Process development of health benefits from corn in pet diets that enhance dog utilization


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The methods of manufacturing pet diets have evolved over the past 160 years. Starting with a baked biscuit in 1860 to the widely used extrusion technology today. Formulas have also changed with once popular corn now being criticized as inferior and indigestible. Different processing methods can change starch digestion. Less processing can lead to more indigestible starch (resistant starch; RS) within corn diets. This RS may benefit gastrointestinal health. Therefore, the objective of the first study was to determine the effect of process on dietary utilization of corn-based diets, and changes to starch utilization. Experimental diets containing 56% corn as the sole starch source were produced through pelleting, baking, and extrusion and compared to a baked control diet in which the corn was replaced with dextrose. The pelleted diet had the highest (P < 0.05) differential scanning calorimetry (DSC) residual gelatinization peak (3.5 J/g) followed by the baked diet (1.4 J/g), and then similar to the extruded diet the control had the lowest result (0.1 J/g). The extruded diet resulted in the highest (P < 0.05) level of gelatinized starch (34.2%) by the glucoamylase procedure followed by the baked treatment (14.7%) and pelleted had the lowest (P < 0.05) gelatinized starch (8.4%). As a percentage of total starch, the extruded diet had the highest (P < 0.05) level of rapidly digestible starch (90.0%), the baked treatment was intermediate (P < 0.05, 60.9%) and pelleted the lowest (P < 0.05, 34.8%). The pelleted diet had the highest (P < 0.05) amount of slowly digestible starch (SDS, 42.6%), with the baked treatment having an intermediate (P < 0.05) amount of SDS (27.1%), and the extruded diet had the lowest (P < 0.05) amount of SDS (7.1%) Among corn treatments the extruded diet had the lowest (P < 0.05) level of RS (1.3%). The baked diet was intermediate (P < 0.05, 3.6%) with the highest RS (P < 0.05) in the pelleted diet. To evaluate the in vivo effects of these process treatments, twelve Beagle dogs were fed the experimental diets for 9 d adaptation and 5 d of collection in a replicated 4 x 4 Latin square designed study. The data were analyzed using the general linear mixed model with statistical analysis software (GLIMMIX proc; SAS v9.4, Cary NC) and means were considered different at ∝=5%. The experimental diet was the fixed effect with period and dog as random effects. Dogs were fed to maintain body weight, with food intake similar among corn treatments and lower (P < 0.05) for those fed the control diet. Fecal scores (1: soft-liquid to 5: hard-dry) were slightly different across the three corn treatments, but each exceeded 3.5 which was considered ideal. However, dogs fed the control diet (dextrose) had soft-runny stools (average score of 1). Feces from dogs fed the baked treatment had a lower fecal pH (5.37; P < 0.05) than the other corn treatments (average 5.71); whereas the pH of feces from the dogs fed the control (dextrose) diet were the highest (P < 0.05) at 6.87. The dry matter apparent total tract digestibility (ATTD) was greater (P < 0.05) for the dogs fed the extruded corn-based diet and the control diet (average 75.75%) versus the baked and pelleted diets (average 69.49%). In conclusion, the corn diets had different levels of gelatinized starch thereby influencing the in vivo digestibility, Resistant starch was higher in treatments of lower cooking intensity including lower fecal pH which may indicate improved colonic fermentation leading to positive impacts on gut health. To assess the level of RS in commercial products for comparison purposes, 30 baked dog treats were evaluated in a 2 x 3 factorial design. Samples were purchased and separated into main effects of size (small, medium, large), and presence or absence of wheat. Samples were analyzed for their resistant starch concentration. It was determined that the size and presence of wheat did not impact the total starch (average 40.7%), digestible starch (average 39.5%), or resistant starch (average 1.8%) concentration. However, a post-hoc analysis did indicate the few (n=5) grain-free products that were selected had a higher (P < 0.05) concentration of resistant starch (average 4.9%). In conclusion, among treatments like extrusion that had more energy inputs there was a lower concentration of RS while the inverse was observed in processes with fewer energy inputs or lower cooking intensity. This also impacted stool quality and the digestion of some nutrients but significantly increased starch digestion. Treatments with lower levels of RS are common to commercially available foods. So, using different processing methods can change the digestible and indigestible starch ratio, which can have promote several health benefits.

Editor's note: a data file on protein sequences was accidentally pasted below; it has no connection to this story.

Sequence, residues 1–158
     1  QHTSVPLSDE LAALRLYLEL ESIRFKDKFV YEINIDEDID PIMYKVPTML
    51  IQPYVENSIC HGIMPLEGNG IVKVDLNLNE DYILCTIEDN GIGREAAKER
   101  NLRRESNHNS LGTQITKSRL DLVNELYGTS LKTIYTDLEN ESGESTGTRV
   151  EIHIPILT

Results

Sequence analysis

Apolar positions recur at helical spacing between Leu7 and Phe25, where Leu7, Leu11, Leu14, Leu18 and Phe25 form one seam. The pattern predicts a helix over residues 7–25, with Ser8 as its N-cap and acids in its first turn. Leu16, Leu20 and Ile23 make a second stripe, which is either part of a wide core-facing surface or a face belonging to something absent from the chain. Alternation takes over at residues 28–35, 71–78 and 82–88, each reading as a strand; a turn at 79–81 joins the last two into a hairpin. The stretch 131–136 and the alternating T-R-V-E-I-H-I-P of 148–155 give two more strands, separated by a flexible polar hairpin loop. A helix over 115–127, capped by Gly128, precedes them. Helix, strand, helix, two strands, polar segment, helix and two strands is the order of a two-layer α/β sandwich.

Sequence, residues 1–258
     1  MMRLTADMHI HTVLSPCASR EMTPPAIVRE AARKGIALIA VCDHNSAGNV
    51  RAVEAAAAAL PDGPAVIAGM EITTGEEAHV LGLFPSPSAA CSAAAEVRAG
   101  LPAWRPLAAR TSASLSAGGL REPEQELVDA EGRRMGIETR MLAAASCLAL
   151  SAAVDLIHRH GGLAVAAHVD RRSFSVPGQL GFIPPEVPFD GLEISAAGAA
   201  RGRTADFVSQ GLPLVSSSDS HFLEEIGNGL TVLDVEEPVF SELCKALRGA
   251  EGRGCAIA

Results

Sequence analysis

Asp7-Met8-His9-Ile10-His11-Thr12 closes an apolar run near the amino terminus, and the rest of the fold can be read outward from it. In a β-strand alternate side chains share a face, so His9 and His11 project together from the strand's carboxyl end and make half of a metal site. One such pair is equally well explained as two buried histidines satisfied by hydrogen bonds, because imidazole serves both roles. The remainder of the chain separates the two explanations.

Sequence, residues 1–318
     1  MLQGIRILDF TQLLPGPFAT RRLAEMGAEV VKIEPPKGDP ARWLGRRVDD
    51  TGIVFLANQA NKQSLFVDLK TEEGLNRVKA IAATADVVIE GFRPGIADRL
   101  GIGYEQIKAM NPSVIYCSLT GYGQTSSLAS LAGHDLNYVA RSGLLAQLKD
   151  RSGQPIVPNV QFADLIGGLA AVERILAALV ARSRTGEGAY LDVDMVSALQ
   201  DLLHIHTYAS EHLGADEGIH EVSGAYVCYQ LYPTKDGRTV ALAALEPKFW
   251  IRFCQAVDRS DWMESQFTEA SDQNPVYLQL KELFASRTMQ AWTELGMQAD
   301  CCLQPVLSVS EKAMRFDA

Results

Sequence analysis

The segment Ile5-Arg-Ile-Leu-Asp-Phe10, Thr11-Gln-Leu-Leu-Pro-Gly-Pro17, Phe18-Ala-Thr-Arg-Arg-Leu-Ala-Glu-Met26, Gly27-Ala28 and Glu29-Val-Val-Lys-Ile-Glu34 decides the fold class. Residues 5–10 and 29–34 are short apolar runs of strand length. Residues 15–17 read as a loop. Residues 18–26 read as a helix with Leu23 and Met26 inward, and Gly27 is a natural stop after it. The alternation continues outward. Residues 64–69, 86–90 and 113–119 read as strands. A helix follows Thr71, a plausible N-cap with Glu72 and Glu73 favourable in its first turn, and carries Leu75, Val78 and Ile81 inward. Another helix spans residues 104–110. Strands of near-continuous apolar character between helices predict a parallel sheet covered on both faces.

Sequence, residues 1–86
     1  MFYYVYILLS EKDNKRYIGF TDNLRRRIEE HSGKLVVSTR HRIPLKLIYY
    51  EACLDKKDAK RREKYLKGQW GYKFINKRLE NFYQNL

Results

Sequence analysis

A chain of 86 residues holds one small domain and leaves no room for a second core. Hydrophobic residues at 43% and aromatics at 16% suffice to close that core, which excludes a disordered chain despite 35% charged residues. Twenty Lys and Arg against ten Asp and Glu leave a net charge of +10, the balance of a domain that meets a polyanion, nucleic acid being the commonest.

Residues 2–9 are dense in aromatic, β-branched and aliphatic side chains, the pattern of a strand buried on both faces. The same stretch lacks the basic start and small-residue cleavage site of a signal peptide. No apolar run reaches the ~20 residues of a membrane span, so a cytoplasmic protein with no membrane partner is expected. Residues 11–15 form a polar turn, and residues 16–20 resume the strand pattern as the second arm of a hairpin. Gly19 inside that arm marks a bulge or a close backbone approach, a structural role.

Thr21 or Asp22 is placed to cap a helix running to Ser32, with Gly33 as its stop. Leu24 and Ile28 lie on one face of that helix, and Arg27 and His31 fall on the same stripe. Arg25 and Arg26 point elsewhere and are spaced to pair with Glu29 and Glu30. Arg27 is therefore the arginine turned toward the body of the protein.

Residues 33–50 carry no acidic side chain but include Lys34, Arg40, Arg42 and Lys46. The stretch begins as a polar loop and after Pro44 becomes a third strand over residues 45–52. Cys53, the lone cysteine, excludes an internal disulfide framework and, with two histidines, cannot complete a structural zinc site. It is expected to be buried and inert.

Resistant starch, Dog, Baked, Digestibility

Graduation Month



Master of Science


Department of Grain Science and Industry

Major Professor

Greg Aldrich